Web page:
Transtracheal ventilation – Needle or Knife?
“I Can’t intubate and can’t ventilate. Now what? Surgical cric? That neck seems rather small… what do I do?”
- Transtracheal ventilation is imperative for the EM physician to know how to perform.
- It is faster, easier, less cumbersome and less complications than surgical cricothyrotomy (even
in adults, but especially in children).
- Infants and children have smaller cricothyroid membranes and the entire larynx is more rostral
with a more prominent hyoid bone, all of which make the surgical cricothyrotomy more difficult
in children than adults.
- “Many” state that a surgical cric. is contraindicated in patients less than 5 years of age
(although, size more than age is the limiting factor).
You will need:
- In-line valve to control gas flow
- If you are lucky: a commercial device with built in pressure gauge and regulator (like the one we have in the Peds Airway Cart).
- If you are MacGyver: oxygen tubing with a Y-connector or 3-way stopcock placed in-line as a regulator.
- 16-18 gauge catheter
Recommended Inspiration:Expiration ratios
- Standard – 1:4 to 1:5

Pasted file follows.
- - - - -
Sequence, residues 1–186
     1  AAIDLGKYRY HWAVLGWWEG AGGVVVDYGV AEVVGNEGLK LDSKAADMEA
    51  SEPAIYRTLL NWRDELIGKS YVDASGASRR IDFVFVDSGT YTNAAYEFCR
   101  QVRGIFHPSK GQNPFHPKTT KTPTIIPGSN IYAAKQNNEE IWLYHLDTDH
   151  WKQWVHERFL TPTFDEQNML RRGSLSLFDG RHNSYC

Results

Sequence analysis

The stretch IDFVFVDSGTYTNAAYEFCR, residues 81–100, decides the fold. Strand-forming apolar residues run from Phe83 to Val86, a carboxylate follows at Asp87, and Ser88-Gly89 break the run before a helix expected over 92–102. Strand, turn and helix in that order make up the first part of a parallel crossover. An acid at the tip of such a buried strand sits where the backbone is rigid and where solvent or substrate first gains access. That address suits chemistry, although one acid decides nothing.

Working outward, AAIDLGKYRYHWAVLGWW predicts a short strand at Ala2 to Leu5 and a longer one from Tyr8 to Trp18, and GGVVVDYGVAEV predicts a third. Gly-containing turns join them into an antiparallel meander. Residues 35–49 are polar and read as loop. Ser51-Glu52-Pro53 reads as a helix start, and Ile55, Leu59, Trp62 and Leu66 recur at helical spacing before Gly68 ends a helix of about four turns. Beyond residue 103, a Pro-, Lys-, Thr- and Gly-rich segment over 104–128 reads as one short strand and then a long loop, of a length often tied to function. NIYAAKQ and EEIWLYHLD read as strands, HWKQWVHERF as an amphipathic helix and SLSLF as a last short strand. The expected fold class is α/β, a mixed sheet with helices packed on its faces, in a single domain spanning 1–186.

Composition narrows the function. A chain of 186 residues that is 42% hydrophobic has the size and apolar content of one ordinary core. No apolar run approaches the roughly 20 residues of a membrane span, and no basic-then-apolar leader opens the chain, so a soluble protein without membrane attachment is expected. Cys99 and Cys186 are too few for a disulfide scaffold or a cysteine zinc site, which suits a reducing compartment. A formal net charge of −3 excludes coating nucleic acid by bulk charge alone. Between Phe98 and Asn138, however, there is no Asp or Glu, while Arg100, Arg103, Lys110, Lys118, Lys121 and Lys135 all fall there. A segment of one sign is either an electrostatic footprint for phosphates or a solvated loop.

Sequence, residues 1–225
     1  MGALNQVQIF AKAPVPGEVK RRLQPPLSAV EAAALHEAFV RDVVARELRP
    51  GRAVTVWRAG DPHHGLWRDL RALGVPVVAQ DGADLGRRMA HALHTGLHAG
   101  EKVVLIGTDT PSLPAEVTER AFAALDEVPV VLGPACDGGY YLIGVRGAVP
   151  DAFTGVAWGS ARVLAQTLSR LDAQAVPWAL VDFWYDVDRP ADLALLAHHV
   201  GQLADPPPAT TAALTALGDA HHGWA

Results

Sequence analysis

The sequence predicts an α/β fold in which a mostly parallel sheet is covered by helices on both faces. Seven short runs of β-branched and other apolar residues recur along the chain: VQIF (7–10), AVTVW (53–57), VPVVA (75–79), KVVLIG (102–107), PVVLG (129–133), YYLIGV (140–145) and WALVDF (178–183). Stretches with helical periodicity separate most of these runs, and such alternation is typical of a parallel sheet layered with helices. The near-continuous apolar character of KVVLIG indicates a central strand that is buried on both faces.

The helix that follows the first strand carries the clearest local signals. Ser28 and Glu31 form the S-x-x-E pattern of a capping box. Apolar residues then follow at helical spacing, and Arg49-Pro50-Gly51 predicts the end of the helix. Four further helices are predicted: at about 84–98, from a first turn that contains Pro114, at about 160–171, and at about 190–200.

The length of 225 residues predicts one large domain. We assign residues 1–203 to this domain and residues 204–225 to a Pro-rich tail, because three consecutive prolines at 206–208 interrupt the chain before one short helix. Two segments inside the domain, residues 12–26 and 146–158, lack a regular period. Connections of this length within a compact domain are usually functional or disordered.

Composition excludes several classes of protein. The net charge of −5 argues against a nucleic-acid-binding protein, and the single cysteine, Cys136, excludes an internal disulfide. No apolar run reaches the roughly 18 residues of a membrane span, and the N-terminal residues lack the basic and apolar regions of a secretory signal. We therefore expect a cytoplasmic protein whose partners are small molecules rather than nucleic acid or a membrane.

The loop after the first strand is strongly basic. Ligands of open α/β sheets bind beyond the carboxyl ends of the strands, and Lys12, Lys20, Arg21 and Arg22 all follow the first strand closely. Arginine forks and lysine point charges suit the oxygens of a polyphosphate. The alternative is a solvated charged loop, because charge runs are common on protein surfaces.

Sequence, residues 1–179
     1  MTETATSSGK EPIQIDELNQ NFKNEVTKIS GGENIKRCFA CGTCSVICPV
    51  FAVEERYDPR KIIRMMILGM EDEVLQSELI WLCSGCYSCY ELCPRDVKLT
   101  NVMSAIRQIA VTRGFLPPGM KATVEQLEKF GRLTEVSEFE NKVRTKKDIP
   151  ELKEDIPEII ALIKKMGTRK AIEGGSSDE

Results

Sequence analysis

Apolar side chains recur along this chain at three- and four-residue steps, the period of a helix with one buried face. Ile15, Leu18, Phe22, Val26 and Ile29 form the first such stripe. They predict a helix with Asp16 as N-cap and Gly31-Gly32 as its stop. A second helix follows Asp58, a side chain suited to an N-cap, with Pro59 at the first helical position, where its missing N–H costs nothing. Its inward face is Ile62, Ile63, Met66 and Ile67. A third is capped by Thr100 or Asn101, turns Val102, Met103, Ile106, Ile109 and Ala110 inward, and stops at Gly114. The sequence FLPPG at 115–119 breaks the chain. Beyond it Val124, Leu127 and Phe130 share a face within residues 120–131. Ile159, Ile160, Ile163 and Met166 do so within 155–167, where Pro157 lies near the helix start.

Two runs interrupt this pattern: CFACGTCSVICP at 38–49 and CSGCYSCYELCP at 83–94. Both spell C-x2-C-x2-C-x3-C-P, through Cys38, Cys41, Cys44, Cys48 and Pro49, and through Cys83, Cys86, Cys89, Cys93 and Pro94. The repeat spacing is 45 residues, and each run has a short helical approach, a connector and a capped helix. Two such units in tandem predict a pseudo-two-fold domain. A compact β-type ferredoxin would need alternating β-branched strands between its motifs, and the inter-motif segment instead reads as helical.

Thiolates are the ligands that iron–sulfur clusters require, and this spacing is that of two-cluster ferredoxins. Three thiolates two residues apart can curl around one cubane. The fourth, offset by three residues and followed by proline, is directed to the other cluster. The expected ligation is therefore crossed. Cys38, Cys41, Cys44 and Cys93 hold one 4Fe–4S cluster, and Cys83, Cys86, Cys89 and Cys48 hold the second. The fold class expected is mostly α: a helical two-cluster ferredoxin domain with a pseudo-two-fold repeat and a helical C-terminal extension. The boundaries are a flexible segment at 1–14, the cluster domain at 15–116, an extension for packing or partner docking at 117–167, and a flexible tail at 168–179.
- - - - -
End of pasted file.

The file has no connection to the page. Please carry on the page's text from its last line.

- Supraglottic airway obstruction – 1:9 (need more time to let gas escape, otherwise may build up too much pressure in the lungs)
Refereneces:Bould, M.D. and P. Bearfield, Techniques for emergency ventilation through a needle cricothyroidotomy. Anaesthesia, 2008. 63(5): p. 535-9.Mittal, M.K. and J.M. Baren, Percutaneous Transtracheal Ventilation, in Textbook of Pediatric Emergency Procedures, 2nd Edition, C. King and F.M. Henretig, Editors. 2008, Lippincott Williams & Wilkins. p. 237-246.Slutsky, A.S., et al., Tracheal insufflation of O2 (TRIO) at low flow rates sustains life for several hours. Anesthesiology, 1985. 63(3): p. 278-86.
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nice to know
[…] to contemplate how to manage this scenario before it arises. We have previously discussed Transtracheal Ventilation and have several videos to view, but let us review this important topic briefly once more. […]
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